Photovoltaic systems are becoming increasingly popular in households. And with good reason: households with solar generators contribute to environmental protection, are less dependent on large electricity providers and lower their electricity bills. But how much does a good solar system cost? We have put together an overview for you here.
As you can see, the prices depend on the unit Kilowatt-Peak. In short, Kilowatt-Peak is the maximum energy output the plant can produce. The larger the system and the higher the efficiency of the individual solar cells, the higher their performance.
How much does a solar system cost?
- Average detached house with 100 m2 roof area
- An 8 kW solar system, including solar power storage, covers the annual power requirements of four people and feeds the excess power into the grid for a fee.
- Average sun exposure and an orientation angle of 30 degrees
In this situation, a solar system would cost around $20,000 (plus 19% VAT), although the price range can be very wide. In addition to this initial investment, there would be over $270 a year (net) for maintenance, repairs, insurance, etc. There are also additional costs for monitoring. The replacement of the battery after approx. 10-15 years of service life is not included here and would cost another approx. 8,000 $ at today's prices, although it can be assumed that prices will fall in the future.
If you take out a loan, you also have to pay interest. With financing costs of 3%, this results in costs of over $7,000 over 20 years. At 2% it would still be almost $4,500.
4 factors that influence the price of a solar system
1. Origin & competitive pressure
The first important factor is the origin of solar cells. The solar cell was invented in the USA in 1954. However, the first cells at that time only had an efficiency of 6% and were extremely expensive to produce. Over the years, solar cells have become cheaper and more effective in energy conversion.
With the German Renewable Energy Sources Act in 2000 and China entering the market around 2008, the cost of small solar panels fell rapidly thanks to technological advances and mass production. Today, a solar system costs only a fraction of what you had to pay 20 years ago.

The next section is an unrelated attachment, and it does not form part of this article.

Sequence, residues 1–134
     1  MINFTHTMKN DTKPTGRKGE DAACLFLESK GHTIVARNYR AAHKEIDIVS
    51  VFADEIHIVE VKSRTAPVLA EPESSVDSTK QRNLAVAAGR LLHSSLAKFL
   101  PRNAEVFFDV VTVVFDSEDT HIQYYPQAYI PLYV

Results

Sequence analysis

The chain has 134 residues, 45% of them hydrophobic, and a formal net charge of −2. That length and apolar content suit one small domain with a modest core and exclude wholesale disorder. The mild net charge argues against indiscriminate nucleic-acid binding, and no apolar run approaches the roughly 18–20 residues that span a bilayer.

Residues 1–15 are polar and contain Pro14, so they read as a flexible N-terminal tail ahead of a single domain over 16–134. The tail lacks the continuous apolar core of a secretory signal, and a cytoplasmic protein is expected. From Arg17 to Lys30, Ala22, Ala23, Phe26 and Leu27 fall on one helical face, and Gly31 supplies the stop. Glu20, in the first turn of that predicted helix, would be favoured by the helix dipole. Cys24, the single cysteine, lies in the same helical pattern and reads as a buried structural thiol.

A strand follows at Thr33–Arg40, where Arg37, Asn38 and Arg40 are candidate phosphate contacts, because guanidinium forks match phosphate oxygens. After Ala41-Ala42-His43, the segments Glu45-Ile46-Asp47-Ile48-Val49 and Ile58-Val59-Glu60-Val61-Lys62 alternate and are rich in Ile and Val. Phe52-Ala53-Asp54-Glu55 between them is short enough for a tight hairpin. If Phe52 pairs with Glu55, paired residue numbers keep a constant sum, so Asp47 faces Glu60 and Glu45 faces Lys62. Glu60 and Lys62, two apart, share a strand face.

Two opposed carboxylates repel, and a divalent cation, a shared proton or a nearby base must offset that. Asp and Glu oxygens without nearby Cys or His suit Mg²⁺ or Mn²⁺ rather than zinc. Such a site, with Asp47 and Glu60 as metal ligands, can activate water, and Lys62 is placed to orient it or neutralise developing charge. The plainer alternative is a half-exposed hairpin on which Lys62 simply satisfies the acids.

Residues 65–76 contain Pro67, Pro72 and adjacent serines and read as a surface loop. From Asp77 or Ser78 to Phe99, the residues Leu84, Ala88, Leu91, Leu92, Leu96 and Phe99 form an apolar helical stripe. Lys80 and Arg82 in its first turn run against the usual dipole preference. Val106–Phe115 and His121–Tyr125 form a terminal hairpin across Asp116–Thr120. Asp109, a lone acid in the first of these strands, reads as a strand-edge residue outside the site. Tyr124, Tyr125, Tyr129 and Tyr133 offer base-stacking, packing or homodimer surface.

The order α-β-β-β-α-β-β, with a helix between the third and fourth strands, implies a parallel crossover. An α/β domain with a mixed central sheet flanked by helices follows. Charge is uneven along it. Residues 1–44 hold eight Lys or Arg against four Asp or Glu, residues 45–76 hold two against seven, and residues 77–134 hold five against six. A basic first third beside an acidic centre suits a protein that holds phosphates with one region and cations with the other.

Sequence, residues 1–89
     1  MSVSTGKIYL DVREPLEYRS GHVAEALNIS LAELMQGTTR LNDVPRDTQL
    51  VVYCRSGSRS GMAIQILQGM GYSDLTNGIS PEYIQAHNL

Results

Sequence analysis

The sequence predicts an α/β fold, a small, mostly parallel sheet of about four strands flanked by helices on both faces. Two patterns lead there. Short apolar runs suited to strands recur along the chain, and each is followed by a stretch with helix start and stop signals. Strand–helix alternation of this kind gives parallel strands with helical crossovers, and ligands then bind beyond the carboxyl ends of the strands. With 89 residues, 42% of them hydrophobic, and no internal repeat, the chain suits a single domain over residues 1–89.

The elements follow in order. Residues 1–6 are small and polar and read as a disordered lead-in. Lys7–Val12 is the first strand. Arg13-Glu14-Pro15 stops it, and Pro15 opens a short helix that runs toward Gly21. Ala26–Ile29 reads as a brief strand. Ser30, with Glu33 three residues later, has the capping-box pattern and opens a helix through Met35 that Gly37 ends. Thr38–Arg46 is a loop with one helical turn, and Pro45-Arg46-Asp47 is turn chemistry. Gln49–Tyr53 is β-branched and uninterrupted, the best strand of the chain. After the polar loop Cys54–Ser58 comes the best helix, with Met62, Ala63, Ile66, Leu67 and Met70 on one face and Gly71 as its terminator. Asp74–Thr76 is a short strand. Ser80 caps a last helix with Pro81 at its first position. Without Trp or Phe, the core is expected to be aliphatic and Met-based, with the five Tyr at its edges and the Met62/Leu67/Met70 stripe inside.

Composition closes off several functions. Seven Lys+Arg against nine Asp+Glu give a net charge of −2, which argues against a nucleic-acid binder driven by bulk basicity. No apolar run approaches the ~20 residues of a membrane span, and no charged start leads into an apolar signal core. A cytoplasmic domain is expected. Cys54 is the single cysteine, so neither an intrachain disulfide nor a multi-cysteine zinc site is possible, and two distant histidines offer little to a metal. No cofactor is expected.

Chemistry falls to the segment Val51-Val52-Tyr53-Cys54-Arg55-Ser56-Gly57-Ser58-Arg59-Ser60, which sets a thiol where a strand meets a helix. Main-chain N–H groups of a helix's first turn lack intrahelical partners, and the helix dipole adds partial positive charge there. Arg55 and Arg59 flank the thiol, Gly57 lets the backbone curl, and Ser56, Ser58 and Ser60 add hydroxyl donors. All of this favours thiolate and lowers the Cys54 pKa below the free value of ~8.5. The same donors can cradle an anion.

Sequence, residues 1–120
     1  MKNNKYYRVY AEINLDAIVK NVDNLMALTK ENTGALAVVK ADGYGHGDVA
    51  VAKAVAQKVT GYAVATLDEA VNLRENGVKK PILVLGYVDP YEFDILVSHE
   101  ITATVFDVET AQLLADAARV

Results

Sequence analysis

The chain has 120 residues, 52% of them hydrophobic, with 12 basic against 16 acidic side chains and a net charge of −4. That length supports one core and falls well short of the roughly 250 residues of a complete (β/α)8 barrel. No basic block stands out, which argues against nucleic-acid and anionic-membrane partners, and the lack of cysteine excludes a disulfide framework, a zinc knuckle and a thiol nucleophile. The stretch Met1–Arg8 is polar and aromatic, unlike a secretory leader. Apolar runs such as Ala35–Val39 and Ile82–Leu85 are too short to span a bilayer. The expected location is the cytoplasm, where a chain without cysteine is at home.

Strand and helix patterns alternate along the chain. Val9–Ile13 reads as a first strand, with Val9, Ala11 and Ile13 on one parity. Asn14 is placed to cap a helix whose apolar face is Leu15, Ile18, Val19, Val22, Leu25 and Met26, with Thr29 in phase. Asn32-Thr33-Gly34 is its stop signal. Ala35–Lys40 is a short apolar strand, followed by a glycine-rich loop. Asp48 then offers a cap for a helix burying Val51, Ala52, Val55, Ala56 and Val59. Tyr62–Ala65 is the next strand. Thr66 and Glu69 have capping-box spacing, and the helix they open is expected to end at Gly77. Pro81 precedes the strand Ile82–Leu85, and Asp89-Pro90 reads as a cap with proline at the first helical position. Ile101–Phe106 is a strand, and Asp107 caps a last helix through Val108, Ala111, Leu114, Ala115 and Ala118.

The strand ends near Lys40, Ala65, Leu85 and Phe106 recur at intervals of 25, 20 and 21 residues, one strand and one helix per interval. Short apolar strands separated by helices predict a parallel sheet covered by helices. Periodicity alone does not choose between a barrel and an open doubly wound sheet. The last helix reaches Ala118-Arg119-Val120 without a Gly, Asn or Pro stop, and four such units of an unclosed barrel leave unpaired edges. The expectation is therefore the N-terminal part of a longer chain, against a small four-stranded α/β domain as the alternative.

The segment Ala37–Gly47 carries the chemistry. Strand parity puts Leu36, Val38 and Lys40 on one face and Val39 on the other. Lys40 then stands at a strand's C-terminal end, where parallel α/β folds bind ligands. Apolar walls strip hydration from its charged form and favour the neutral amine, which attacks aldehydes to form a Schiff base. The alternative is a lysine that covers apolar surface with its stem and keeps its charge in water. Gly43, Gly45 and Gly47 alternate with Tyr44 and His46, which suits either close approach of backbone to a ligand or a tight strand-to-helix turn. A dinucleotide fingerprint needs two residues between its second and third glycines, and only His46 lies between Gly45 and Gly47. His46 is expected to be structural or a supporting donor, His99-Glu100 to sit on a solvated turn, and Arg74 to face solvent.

While the prices of solar systems have fallen sharply, technology has become much more efficient. Standard solar cells currently have an efficiency of 20-22%. This means they can convert up to 22% of the sun's energy into electricity. That doesn't sound like much, but: The sun's rays are free, clean, and infinite!
Anyone waiting for more efficient solar cells will have to be patient. Scientists in Germany, the USA and worldwide are currently researching new solar technology that would increase the efficiency of solar cells by up to 40%. Although it will probably take a few more years before this technology is also ready for the market, it will certainly dominate the competition because twice the efficiency means only half as many solar cells to achieve the same performance.
2. The feed-in tariff
For many homeowners, having their solar system is a financial investment. Why? Although solar systems are expensive, they can be used for over 30 to 40 years because solar operators reduce their electricity bills and receive feed-in tariffs for excess electricity. Hence, a solar system pays for itself after just 10 to 15 years. After that, households make pure profits for years.
But here comes the crux:
The government sets the feed-in tariff in the EEG (Renewable Energy Sources Act) variable. In 2004, the remuneration was still 57 cents per kWh. Currently, it is 8.20 cents/kWh (as of August 2022).
To maintain yields of around 6%, solar suppliers have had to lower their prices. Because with a low feed-in tariff, the high acquisition costs would no longer have been worthwhile.